Read Travel Tech’s Testimony from the DOT’s Hearing on First-Page Search Results Provision

Testimony of Laura Chadwick, President, and CEO Travel Tech

March 30, 2023 – Public Hearing – U.S. Department of Transportation’s Notice of Proposed Rulemaking on Enhancing Transparency of Airline Ancillary Service Fees


Whether Consumers Are or Are Likely To Be Substantially Injured or Misled by Airlines’ Current Disclosures of Ancillary Service Fees

I am Laura Chadwick, president and CEO of the Travel Technology Association, also known as “Travel Tech.” Our mission is to empower traveler choice. To do so, we bring together travel innovators to promote transparency and competition through education and advocacy. Our members include online ticket agents, metasearch engines, global distribution systems, travel management companies, and short-term rental platforms. I am proud to be a witness today alongside member companies Priceline, as part of Booking Holdings, Skyscanner, and Amadeus.

Thank you to the Department for granting Travel Tech’s petition for this hearing to discuss the proposed “Enhancing Transparency of Airline Ancillary Service Fees” rule, specifically regarding its requirement that critical ancillary fees must be shown on the first page of search results. We took this extra step of filing this hearing petition because we strongly hold that Travel Tech member companies are best positioned to determine how ancillary fee information should be presented to consumers. You will hear from three experts from Travel Tech member companies later today who testify to the intense efforts that their companies pursue to serve the needs of their consumers.

Travel Tech, as it did in 2014, supports this rulemaking. Advocating for transparency for consumers is who we are and what we do. It’s in our member companies’ DNA – transparency was a driving force behind the founding of their companies years ago to support consumers.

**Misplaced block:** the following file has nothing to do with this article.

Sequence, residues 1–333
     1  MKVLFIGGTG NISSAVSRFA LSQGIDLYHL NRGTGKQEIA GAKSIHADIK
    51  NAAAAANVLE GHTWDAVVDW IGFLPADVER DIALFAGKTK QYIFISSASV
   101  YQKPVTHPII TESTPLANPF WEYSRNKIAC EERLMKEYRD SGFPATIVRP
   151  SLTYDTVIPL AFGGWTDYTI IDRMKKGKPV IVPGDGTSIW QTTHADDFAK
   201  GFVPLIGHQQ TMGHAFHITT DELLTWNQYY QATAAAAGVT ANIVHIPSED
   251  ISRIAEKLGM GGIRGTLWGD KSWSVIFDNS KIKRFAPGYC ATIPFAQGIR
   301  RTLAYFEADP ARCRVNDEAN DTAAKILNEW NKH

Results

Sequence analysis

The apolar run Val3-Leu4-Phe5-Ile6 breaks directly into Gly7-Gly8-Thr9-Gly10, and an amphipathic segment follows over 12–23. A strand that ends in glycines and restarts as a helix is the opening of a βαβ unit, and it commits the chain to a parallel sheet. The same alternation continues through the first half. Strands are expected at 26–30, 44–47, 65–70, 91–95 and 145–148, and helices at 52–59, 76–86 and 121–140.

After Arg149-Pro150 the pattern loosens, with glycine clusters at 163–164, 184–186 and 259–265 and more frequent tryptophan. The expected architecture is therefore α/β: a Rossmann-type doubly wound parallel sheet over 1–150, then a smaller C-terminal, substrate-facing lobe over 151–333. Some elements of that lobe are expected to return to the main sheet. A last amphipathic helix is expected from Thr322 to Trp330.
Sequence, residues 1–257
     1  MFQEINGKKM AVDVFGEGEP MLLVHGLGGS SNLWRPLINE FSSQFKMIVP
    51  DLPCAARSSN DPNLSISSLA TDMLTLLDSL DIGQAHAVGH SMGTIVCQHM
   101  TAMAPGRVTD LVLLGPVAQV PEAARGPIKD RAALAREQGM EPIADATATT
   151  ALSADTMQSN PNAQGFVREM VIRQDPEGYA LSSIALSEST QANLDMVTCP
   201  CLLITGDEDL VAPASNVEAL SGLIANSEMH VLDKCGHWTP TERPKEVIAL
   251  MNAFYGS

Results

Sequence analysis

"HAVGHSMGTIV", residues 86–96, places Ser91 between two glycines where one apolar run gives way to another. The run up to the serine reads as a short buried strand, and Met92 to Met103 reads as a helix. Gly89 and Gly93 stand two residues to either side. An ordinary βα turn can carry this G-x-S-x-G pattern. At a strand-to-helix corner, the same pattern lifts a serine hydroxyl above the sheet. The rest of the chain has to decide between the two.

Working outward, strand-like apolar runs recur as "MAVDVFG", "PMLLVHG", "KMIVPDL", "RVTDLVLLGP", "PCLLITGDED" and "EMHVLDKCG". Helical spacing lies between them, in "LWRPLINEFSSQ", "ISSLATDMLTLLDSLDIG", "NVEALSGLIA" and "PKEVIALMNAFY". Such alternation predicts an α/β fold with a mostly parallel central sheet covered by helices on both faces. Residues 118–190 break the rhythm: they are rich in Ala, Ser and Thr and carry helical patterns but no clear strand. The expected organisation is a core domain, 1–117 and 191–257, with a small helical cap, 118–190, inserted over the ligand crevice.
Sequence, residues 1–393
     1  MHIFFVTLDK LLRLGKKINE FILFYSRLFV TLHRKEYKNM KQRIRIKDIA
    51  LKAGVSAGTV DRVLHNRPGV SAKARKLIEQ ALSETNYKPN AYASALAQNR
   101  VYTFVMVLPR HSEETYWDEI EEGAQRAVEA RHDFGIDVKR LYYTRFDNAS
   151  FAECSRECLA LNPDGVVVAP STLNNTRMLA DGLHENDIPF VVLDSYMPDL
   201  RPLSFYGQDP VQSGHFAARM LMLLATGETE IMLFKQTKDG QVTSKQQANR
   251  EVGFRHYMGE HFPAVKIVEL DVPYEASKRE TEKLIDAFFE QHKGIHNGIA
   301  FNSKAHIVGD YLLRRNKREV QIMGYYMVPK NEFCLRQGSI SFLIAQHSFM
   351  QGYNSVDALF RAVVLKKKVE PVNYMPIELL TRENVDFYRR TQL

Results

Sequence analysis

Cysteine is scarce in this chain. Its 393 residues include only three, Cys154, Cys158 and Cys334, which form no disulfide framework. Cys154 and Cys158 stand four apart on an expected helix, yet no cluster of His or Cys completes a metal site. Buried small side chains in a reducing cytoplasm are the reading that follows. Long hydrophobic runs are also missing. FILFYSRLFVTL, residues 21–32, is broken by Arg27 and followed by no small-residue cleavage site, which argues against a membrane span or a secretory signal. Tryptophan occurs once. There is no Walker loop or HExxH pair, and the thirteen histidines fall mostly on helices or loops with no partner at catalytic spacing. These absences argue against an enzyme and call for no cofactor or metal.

But before we can address issues relating to how critical ancillary fees can and should be presented to consumers, we must discuss the critical ancillary fee data itself. This is so important because the transparency of ancillary fee data is impossible without permanent access to the data in the first place.

Travel Tech and our member companies strongly agree with the Department’s finding that consumers are or are likely to be substantially injured or misled by airlines’ current disclosure of ancillary service fees. And we likewise agree with the DOT’s proposed requirement that critical ancillary fee data must be provided by airlines. It is indeed unfair and deceptive that consumers purchasing their tickets through the indirect channel do not have guaranteed access to critical ancillary fee information. Ticket agents, however, cannot provide to consumers what ticket agents do not themselves have – that is, the fee data itself.

Now, to whom critical ancillary fee data is provided is a different story. As we extensively detail in Travel Tech’s written comments, we strongly believe the Department must alter its proposed rule and require airlines to provide critical ancillary fee data to all intermediaries the airlines use to distribute their schedule and fare information. This includes providing the ancillary fee data to global distribution systems.

Travel agents of all sizes greatly rely on Global Distribution Systems to provide schedule and fare information from across the 400 airlines operating around the world. It’s hard to overstate how essential GDSs are in facilitating comparison shopping on Travel Tech members’ consumer-facing sites.

Allowing airlines to skip over GDSs and provide the ancillary fee data directly to ticket agents – as the proposed rule currently states – will have a tremendous impact on a ticket agent’s ability not only to digest but also then display critical ancillary fee information, much less so on the first page of search results. Ticket agents today have no existing infrastructure whatsoever to match ancillary fee data with the schedule and fare data provided to them by the GDSs. It will take years of work and massive investments to build these duplicative capabilities and not the six months that the Department has proposed. The years of work needed to make this happen will greatly delay the achievement of the overall goal of this rulemaking: providing transparency of critical ancillary fees to consumers.